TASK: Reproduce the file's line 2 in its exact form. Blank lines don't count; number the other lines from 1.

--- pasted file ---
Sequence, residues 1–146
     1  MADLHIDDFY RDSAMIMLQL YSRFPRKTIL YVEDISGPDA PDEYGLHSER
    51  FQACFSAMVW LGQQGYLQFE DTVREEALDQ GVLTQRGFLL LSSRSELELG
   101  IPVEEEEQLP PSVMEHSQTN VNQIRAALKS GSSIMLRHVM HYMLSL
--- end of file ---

     1  MADLHIDDFY RDSAMIMLQL YSRFPRKTIL YVEDISGPDA PDEYGLHSER